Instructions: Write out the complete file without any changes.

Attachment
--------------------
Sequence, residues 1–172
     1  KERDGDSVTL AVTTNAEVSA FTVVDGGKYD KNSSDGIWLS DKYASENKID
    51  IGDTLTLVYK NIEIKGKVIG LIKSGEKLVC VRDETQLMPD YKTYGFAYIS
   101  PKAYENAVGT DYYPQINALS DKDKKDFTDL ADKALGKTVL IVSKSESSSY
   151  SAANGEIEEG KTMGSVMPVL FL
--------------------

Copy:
Sequence, residues 1–172
     1  KERDGDSVTL AVTTNAEVSA FTVVDGGKYD KNSSDGIWLS DKYASENKID
    51  IGDTLTLVYK NIEIKGKVIG LIKSGEKLVC VRDETQLMPD YKTYGFAYIS
   101  PKAYENAVGT DYYPQINALS DKDKKDFTDL ADKALGKTVL IVSKSESSSY
   151  SAANGEIEEG KTMGSVMPVL FL